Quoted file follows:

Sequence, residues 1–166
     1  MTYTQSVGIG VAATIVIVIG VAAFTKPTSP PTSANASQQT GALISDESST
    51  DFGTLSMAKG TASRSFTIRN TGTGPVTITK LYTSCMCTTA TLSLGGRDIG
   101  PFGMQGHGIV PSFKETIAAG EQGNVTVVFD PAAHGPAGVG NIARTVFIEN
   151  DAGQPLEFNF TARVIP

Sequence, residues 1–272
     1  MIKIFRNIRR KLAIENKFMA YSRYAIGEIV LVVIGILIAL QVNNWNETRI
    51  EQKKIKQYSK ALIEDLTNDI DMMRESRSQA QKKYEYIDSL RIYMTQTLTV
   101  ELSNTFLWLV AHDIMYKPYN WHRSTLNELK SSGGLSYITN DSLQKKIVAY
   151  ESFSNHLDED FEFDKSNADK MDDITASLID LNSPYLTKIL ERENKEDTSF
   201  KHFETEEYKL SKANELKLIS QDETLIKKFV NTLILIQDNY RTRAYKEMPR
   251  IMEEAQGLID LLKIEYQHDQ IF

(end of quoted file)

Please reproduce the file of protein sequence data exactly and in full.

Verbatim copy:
Sequence, residues 1–166
     1  MTYTQSVGIG VAATIVIVIG VAAFTKPTSP PTSANASQQT GALISDESST
    51  DFGTLSMAKG TASRSFTIRN TGTGPVTITK LYTSCMCTTA TLSLGGRDIG
   101  PFGMQGHGIV PSFKETIAAG EQGNVTVVFD PAAHGPAGVG NIARTVFIEN
   151  DAGQPLEFNF TARVIP

Sequence, residues 1–272
     1  MIKIFRNIRR KLAIENKFMA YSRYAIGEIV LVVIGILIAL QVNNWNETRI
    51  EQKKIKQYSK ALIEDLTNDI DMMRESRSQA QKKYEYIDSL RIYMTQTLTV
   101  ELSNTFLWLV AHDIMYKPYN WHRSTLNELK SSGGLSYITN DSLQKKIVAY
   151  ESFSNHLDED FEFDKSNADK MDDITASLID LNSPYLTKIL ERENKEDTSF
   201  KHFETEEYKL SKANELKLIS QDETLIKKFV NTLILIQDNY RTRAYKEMPR
   251  IMEEAQGLID LLKIEYQHDQ IF